Lord British Lays Out Future Vision (December 10, 2011)

ChrisReid

Super Soaker Collector / Administrator


Origin founder Richard Garriot de Cayeux has conducted a new interview with IndustryGamers. As usual, he has a lot of strong opinions about the evolution of the game industry, and he's got some high praise for Wing Commander creator Chris Roberts too. The article also explains Garriott's thoughts behind the emerging market for social/smartphone games and where the industry will go from here. In particular, his current philosophy is that the latest generation of mobile games represent a "third era" (with classic PC games filling the first era and MMO/online games being the second) of games, and smartphones will soon replace consoles as the dominant platform. You can check out the full article here. Thanks to Theo and Guilherme Mesquita.


Garriott's career spans the game industry from the Apple II days in 1979 to the present, where he is working at his newest company Portalarium on the next generation of gaming. Garriott created his first company, Origin Systems, along with his brother Robert, their father Owen and programmer Chuck Bueche. Origin Systems produced many notable games, industry luminaries (such as Warren Spector), and several important companies were created by Origin Systems alumni (including id Software and Digital Anvil). Origin Systems was acquired by Electronic Arts in 1992, and Garriott left to found Destination Games in 2000. Destination Games was acquired by Korean gaming company NCSoft less than a year later. Garriott left in 2008 and founded Portalarium, where today he's busy creating a new game to once again advance the state of the art.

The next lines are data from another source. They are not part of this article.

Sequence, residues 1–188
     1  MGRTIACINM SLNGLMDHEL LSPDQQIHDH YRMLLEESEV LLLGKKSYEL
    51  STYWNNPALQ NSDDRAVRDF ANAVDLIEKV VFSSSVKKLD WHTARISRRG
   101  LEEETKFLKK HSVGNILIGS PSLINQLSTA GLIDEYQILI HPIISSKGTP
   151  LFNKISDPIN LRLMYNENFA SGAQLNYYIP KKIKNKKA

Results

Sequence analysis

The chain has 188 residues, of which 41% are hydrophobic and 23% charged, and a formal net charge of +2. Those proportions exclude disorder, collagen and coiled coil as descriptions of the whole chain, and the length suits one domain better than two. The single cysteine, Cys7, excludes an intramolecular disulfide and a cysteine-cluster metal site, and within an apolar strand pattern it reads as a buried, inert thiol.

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RGC: That's right. As we've grown, we constantly try to find people to promote into leadership positions and form new teams - however, it rarely works. Much more commonly someone arrives on the scene or emerges as a super-talented individual. To make a top movie, you have to be super talented, to make a top game you have to be super talented, to write the best book ever written you have to be super talented. You can pick up skills on the job and you can refine your skills, clearly, but the very special talent that is required to truly be a top developer of any creative property type is not something that you can start life as B talent and a few years later emerge as an A talent. At least not commonly, it's sort of a lifestyle attitude that begins with people at a very young age. You can see they've got a top talent even before they have all the skills all they need. Those are very rare. For example, in the history of Origin, we really had 2, in 20 years, Richard Garriott, myself, who could develop Ultimas, we had Chris Roberts who could develop Wing Commanders, and those were the two triple-A hitmakers in our company. We had a couple of B+ guys, Warren Spector and Tony Zurovec [designer of Crusader: No Remorse] were sort of our B+ guys, and Warren went on to become an A player, but I don't even know what Tony's doing any more. But the same thing is true for almost any company, you go back over time with, people who are triple A talent, who have pretty good odds of making a hit, and then there's everybody else.